How is Iraq war different?

Alan Dershowitz is the Felix Frankfurter Professor of Law at the Harvard Law School. In addition to his teaching, Dershowitz is a prolific author who makes frequent media and public appearances, and who is known for his commentary on the Arab-Israeli conflict as well as his work on numerous high-profile cases. As a criminal appellate lawyer, Dershowitz successfully argued to overturn the conviction of Claus von Bulow for the attempted murder of his wife, Sunny. He also served as the appellate advisor in the criminal trial of O.J. Simpson.

Dershowitz joined the faculty of Harvard Law School as an assistant professor of law in 1964. He was made a full professor of law in 1967, at the age of 28, becoming, at that time, Harvard's youngest full law professor in the school's history. Dershowitz is also the author of more than 20 works of fiction and non-fiction, including Blasphemy: How the Religious Right is Hijacking the Declaration of Independence (2007), The Case for Israel (2003), the bestseller Chutzpah (1991), and Reversal of Fortune (1986), which was made into an Academy Award-winning film. More than a million of his books have been sold worldwide and in numerous languages.

Dershowitz joined the faculty of Harvard Law School as an assistant professor of law in 1964. He was made a full professor of law in 1967, at the age of 28, becoming, at that time, Harvard's youngest full law professor in the school's history. Dershowitz is also the author of more than 20 works of fiction and non-fiction, including Blasphemy: How the Religious Right is Hijacking the Declaration of Independence (2007), The Case for Israel (2003), the bestseller Chutzpah (1991), and Reversal of Fortune (1986), which was made into an Academy Award-winning film. More than a million of his books have been sold worldwide and in numerous languages.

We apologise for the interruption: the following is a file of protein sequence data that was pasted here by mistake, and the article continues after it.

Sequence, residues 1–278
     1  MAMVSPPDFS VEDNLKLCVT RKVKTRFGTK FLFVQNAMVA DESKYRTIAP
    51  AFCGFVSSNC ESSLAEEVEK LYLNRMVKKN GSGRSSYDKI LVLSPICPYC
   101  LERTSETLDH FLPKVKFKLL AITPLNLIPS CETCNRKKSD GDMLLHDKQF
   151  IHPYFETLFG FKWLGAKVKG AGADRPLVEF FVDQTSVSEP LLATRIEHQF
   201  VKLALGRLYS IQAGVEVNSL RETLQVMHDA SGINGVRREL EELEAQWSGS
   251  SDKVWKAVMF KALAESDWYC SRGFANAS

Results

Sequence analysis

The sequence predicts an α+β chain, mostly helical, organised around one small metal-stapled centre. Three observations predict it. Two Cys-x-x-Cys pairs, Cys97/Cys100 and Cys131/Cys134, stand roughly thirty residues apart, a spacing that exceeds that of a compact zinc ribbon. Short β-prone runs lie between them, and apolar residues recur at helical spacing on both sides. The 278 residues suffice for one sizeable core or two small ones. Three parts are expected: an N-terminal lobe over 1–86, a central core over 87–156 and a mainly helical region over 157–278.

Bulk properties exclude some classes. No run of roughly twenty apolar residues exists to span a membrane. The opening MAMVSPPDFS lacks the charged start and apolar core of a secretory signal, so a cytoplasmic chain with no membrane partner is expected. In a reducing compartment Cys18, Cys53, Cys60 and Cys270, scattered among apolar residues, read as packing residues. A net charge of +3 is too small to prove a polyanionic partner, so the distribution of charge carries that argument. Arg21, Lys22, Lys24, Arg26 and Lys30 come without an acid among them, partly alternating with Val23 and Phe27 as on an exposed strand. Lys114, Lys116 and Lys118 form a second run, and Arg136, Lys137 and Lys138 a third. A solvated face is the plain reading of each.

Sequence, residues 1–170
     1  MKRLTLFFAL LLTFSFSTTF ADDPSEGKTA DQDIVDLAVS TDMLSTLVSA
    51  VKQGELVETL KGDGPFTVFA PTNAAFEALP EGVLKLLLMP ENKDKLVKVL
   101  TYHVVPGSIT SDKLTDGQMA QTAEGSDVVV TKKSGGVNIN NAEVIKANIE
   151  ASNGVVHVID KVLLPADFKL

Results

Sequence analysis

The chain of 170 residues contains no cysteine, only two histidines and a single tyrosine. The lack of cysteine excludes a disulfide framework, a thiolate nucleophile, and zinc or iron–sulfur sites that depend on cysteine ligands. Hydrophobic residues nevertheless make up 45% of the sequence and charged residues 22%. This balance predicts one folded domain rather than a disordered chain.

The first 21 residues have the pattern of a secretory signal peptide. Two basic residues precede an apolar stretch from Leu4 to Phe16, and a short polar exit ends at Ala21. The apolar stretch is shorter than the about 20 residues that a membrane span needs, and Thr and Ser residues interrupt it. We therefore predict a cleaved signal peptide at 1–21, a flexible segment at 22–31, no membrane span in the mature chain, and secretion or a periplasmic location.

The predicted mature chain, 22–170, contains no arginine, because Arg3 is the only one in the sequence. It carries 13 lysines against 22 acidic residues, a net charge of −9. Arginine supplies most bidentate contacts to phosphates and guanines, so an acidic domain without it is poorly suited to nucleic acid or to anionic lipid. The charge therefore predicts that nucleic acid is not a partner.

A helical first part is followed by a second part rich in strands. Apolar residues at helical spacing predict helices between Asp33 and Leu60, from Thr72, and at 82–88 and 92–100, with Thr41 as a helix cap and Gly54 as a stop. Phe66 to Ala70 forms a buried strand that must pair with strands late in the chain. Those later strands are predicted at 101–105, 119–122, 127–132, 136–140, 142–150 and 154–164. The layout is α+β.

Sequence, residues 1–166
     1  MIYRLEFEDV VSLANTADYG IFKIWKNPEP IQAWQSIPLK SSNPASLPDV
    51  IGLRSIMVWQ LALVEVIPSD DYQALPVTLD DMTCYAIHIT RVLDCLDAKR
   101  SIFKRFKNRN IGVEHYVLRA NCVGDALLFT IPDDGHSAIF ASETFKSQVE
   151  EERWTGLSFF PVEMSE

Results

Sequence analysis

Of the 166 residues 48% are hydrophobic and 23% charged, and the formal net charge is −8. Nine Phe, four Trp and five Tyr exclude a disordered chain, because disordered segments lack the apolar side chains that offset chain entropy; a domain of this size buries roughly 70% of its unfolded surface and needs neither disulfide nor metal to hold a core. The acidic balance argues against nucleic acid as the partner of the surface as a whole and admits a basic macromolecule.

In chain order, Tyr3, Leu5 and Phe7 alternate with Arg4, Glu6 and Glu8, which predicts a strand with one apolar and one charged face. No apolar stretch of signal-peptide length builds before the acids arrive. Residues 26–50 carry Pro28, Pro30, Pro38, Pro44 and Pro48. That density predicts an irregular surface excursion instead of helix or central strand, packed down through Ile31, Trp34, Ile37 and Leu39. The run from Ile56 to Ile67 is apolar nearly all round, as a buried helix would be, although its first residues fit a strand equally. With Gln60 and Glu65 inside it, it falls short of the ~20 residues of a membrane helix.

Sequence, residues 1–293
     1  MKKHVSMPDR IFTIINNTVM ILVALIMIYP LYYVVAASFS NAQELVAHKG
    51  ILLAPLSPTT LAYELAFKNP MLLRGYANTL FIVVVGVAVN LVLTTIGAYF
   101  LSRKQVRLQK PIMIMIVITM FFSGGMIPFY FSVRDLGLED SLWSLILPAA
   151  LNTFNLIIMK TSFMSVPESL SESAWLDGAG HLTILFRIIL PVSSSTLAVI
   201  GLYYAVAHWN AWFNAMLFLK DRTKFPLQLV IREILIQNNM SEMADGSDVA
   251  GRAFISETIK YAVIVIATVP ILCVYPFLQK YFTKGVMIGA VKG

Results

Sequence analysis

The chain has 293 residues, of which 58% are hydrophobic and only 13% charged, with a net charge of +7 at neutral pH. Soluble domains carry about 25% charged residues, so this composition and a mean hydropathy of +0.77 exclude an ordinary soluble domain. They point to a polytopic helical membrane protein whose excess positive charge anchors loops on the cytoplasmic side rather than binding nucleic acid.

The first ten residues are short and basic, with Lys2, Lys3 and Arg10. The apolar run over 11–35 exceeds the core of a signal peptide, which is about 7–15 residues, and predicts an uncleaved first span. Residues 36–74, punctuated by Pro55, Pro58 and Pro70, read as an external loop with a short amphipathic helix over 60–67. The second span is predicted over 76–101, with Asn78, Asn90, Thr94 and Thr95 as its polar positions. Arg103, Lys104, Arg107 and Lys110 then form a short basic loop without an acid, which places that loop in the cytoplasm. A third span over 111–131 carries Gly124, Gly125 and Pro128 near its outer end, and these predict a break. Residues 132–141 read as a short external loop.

• Transcript

TRANSCRIPT

Question: How is the Iraq War different than past wars? 

Alan Dershowitz: One clearly sees a new paradigm of asymmetrical warfare going on. Terrorists hide behind civilians; merge with civilians; operate out of civilian population centers and use those areas to attack the civilians of the democracies that are opposed to [them].

Hamaas fires rockets into downtown. Or Hezbollah fires rockets. Or Iraqi terrorists fire rockets at American soldiers in Afghanistan.

It’s going to spread all over the world, and democracy has two choices. Either not to respond or to respond. And if they respond they will inevitably kill civilians on the other side. That’s part of the goal of the terrorists. They want the democracies to kill civilians. Even if it’s their own civilians because that creates a terrible world impression against them, which is part of the reason why Israel has been subject to so much criticism as the United States has been.

We need a new jurisprudence to deal with that phenomenon. The old jurisprudence doesn’t work. The old jurisprudence simply said you’re either a civilian or a combatant. If you’re wearing a funny hat with an insignia and a uniform you’re a combatant. If not, you’re a civilian. That dichotomy doesn’t work with terrorism.

So I’ve had to construct what I call a “Continuum of Civilianality”, which ranks people along a line. Obviously babies and old people, and others who have no influence on the aspect of terrorism, they’re totally civilians. People who allow their houses to be used to store weapons, people who allow themselves to be used as shields are closer on a Continuum of Civilianality to combatants.

It has to be made a war crime to use civilians as shields, and to fire rockets from behind civilians. And there has to be a rule of proportionality that allows democracy to respond even if inevitably is going to risk the lives of some civilians to save the lives of other civilians.

We right now don’t have a jurisprudence for that. We don’t have a jurisprudence for preemptive attack against a nuclear power threatening to attack others. Not eminently, but in a year or so.

I’m not suggesting that it should be permitted. I’m suggesting that we need a jurisprudence.

Article 15 and 51 of the UN Charter doesn’t deal with that. It says only that a country can respond to an armed attack with an armed attack. But if you’re waiting to have a chemical, biological, a nuclear weapon directed at your civilians, nobody reasonably can be expected to wait.

And so we need a jurisprudence to fill that black hole. And my life work is to try to find, construct, create at least the beginning of a jurisprudence so that nothing is outside of the rule of law. That’s my goal.

Nothing under the radar screen. Nothing left to discretion. Everything we do subject to the rule of law. That probably created the greatest controversy in my academic life.

 

Recorded On: June 12, 2007


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